Guest Blog by Marta Zaraska
If there is one thing that is the most responsible for keeping us hooked on meat, it’s our culture. Not our genes, not our taste buds, not even the powerful meat industry with its annual sales in US higher than the GDP of Hungary or Ukraine — although, admittedly, all these factors are important, too.
There are plenty of beliefs that, taken together, perpetuate the meat-eating culture. Take the belief that “we are what we eat.” The Hua tribe of Papua, New Guinea, think that children will grow fast if they eat fast-growing plants, while the men of the Dyak tribe of Northwest Borneo avoid venison for fear that eating it would make them timid like deer. In ancient Egypt, kings would once a year slaughter the bull-god Apis and eat its flesh to get the animal’s fierceness. In Benin, West Africa, practitioners of voodoo to this day drink the blood of sacrificial animals to get their strength. And studies show people in the West may hold similar believes, too, albeit subconsciously. In a classic 1989 experiment conducted among 310 undergraduate students at University of Pennsylvania, fictional tribes-people who eat boars were rated as having more hair and being faster runners than those who eat turtles.
No wonder then that we think that eating bloody meat will make us stronger, while eating leafy green vegetables could turn us kind of floppy and weak. You can see the echoes of such convictions in everyday language. We “beef up” our muscles in the gym, but go “couch potato” when we feel lazy. To “become a vegetable” is to become disabled. To be a “beefcake” is to be attractive and strong.
Meat has symbolized wealth and masculinity for thousands of years. It all goes back to 2.5 million years ago, when our ancestors started eating meat on the savannas of Africa. Meat is a particular food. It often comes in a big package (think elephant-sized, or even zebra-sized) and spoils fast. That makes it the perfect food for sharing. But when you have something so calorie-dense and nutrient-dense as meat – and hence, craved – to divide among others, some important questions arise: Who will get the largest piece? Who will get nothing at all? Thus politics begin. Our cousins, the chimps, use meat to buy political privileges, too. Not only do they give meat to select apes to form alliances, the alpha-males are also more likely to share meat more generously at the start of their reign than later on.
What helped cement the connection between meat, power and wealth later on in human history, was the so-called scarcity principle. Basically if something is rare and expensive we tend to desire it more. That’s part of the allure of things like Aston Martin cars or Patek Philippe watches. In one experiment researchers asked 200 women to rate the value of chocolate chip cookies placed in two jars: one jar contained ten of the cookies, while another just two of them. Even though the cookies didn’t differ whatsoever, those from the almost empty jar were rated higher than the ones from the full jar.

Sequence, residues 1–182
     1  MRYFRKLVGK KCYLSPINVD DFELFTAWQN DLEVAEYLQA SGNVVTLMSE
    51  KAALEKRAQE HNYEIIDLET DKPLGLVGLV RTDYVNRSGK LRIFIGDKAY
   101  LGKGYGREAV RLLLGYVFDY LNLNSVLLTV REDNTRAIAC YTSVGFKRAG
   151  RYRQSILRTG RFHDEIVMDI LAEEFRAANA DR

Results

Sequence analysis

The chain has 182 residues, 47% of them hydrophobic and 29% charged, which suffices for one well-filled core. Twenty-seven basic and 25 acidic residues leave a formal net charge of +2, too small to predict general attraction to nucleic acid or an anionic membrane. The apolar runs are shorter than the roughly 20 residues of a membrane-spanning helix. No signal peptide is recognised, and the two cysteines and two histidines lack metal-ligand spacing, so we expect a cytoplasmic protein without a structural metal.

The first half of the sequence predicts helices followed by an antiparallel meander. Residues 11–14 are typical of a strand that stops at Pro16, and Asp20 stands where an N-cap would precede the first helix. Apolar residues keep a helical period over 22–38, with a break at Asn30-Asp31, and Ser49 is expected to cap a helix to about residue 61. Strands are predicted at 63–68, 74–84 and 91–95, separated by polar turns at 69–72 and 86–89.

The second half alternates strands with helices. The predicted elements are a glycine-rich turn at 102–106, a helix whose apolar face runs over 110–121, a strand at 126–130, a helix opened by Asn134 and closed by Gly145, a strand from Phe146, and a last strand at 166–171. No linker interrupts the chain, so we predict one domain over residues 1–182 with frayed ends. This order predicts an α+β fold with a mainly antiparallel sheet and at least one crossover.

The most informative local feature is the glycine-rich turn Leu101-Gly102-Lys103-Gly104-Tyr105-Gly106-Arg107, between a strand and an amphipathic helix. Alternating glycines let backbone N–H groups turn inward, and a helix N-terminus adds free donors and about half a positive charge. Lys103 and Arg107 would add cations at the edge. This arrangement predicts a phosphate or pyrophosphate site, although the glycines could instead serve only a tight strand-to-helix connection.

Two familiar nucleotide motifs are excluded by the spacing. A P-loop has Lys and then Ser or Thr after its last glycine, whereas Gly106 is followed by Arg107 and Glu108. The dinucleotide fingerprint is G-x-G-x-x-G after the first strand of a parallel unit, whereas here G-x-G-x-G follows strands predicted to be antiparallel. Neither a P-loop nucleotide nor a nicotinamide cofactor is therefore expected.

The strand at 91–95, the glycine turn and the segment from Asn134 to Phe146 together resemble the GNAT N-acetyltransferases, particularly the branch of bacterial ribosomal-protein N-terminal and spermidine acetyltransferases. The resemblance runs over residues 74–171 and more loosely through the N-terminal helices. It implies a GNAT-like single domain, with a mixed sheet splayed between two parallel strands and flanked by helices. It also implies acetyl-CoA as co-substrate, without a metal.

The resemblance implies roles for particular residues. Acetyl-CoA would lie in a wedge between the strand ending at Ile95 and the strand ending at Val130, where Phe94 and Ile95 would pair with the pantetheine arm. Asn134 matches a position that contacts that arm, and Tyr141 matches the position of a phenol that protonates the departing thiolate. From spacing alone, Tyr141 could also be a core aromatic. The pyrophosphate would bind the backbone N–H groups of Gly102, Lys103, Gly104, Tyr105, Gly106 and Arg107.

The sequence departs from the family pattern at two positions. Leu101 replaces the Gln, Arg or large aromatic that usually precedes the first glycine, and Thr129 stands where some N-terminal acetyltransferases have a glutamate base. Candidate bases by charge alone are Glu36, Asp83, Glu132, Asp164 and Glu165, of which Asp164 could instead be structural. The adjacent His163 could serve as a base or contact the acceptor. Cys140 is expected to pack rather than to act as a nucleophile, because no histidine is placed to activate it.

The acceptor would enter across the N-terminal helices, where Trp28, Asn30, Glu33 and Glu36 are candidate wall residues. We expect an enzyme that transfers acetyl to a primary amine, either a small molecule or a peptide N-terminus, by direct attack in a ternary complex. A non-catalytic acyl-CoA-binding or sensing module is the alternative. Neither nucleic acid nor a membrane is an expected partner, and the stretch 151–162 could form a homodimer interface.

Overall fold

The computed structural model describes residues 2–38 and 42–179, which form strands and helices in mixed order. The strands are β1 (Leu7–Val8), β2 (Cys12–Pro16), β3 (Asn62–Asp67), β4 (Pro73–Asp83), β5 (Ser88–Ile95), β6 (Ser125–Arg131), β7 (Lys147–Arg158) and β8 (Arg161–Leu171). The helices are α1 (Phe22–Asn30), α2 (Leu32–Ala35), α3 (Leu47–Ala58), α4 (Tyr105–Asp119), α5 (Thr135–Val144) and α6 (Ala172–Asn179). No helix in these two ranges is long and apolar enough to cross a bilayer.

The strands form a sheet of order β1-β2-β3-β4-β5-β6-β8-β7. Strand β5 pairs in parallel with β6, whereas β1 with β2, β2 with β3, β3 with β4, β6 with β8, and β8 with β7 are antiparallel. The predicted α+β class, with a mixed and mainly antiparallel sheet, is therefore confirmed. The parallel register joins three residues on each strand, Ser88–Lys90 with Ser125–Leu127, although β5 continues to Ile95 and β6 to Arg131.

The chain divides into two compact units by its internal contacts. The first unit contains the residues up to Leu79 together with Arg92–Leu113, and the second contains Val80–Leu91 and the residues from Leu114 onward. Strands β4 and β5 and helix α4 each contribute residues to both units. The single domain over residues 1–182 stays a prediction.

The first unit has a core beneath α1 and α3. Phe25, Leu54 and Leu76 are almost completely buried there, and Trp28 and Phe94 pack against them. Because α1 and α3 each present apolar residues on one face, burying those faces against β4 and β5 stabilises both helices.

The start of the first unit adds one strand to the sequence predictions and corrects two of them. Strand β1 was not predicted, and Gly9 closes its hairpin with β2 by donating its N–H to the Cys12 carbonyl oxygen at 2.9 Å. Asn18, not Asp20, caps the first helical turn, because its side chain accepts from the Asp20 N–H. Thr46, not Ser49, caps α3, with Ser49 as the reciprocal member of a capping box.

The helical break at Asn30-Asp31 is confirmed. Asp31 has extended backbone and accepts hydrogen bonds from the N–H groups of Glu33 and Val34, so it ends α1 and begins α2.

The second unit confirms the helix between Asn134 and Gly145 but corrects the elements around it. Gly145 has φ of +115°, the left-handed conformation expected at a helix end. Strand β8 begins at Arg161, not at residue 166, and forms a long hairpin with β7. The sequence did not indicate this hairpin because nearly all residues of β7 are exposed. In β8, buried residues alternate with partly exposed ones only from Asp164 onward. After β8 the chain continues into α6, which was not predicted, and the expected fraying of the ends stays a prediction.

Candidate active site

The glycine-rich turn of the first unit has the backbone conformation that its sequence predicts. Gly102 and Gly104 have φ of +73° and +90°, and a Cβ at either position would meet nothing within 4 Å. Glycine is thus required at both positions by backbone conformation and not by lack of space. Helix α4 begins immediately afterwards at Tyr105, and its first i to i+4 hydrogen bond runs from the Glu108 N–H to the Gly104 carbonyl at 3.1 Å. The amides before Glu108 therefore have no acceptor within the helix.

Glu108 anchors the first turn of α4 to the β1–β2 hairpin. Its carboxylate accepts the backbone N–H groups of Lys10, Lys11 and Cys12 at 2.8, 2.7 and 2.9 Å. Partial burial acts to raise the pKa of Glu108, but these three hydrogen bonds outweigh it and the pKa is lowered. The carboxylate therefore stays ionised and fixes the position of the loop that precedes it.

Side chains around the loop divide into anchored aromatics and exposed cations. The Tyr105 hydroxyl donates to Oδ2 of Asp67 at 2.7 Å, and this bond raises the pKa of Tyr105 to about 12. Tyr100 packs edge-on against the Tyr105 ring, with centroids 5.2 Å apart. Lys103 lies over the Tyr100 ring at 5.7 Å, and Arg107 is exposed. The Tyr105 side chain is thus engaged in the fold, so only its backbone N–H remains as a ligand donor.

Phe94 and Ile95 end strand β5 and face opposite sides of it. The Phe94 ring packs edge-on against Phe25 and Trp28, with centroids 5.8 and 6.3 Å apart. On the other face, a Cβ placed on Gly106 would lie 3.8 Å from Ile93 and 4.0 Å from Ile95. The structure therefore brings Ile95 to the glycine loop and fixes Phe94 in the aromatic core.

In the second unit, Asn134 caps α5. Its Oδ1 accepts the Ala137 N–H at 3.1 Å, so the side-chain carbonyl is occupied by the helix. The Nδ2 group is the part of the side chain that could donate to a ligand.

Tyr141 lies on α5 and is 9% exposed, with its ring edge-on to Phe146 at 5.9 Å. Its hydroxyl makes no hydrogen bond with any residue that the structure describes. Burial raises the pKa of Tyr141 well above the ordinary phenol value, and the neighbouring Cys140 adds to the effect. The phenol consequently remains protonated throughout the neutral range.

Meat has been a rare and expensive good for most of human history. The diet of a farm worker in 18th century England would consist mostly of root vegetables, bread, cheese, butter, sugar, tea, and a little milk. Meat seldom made it onto the plates of the poor. Meanwhile, the European aristocracy gorged themselves on as much as two to three pounds of meat and fish per person per day, devouring everything from pigs and chicken to peacocks, storks, otters and porpoises. And that abundance of meat was what the lower classes aspired to.
What’s more, treating meat as a reward, a special food eaten during celebrations, only boosts its power as something to crave. In one experiment researchers told children that they could only have certain snack foods if they behaved well – and right away they started craving these snacks more than did kids in a control condition, who were just simply offered the food. And there are plenty of other experiments with similar conclusions. Watching other people smile as they eat certain foods makes us enjoy these foods more, too. Leann Birch, psychologist at the University of Georgia, has shown in her research that if you give children snacks they don’t necessarily like much, such as cashews, but you do it while being super friendly, the kids will start truly enjoying the taste of cashews (here’s a tip to parents – if you want your kids to love broccoli, show pleasure on your face when you eat it yourself, even if you have to fake it). For centuries meat has been eaten on occasions when people are particularly friendly to each other: think Thanksgiving, Sunday dinner roasts. Even the word Carnevale in latin literally means “farewell meat” – good-bye before the fasting of Lent. No wonder, then, that for so many of us meat equals pleasure.
The mighty meat industry knows well how to play on symbolism of meat to sell us more of it. Look at the advertisements they put on TV. In an ad for Hummer H3, a vegetarian guy has to buy himself that gas-guzzler of a car to prove he is still powerful and wealthy, even though he doesn’t eat meat. In Burger King’s ‘’Manthem’’ ad, a group of guys sing that they need to “eat like men” (meat, obviously), while DelTaco’s ad suggests that beef will feed the beast inside you — the primitive, violent masculinity. Other examples abound.
With such potent symbolism behind it, no wonder we stay hooked on meat. We humans like power and wealth, and that’s precisely what meat stands for. But, hopefully, if we are aware of the symbols and cultural stereotypes the meat eating plays on – and that the meat industry uses to lure us — we can learn to better control our food cravings.
 Marta Zaraska is a science journalist published in Scientific American, the Washington Post, the Atlantic, and other publications. She is author of Meathooked: The History and Science of Our 2.5-Million-Year Obsession with Meat (Basic Books, February 2016).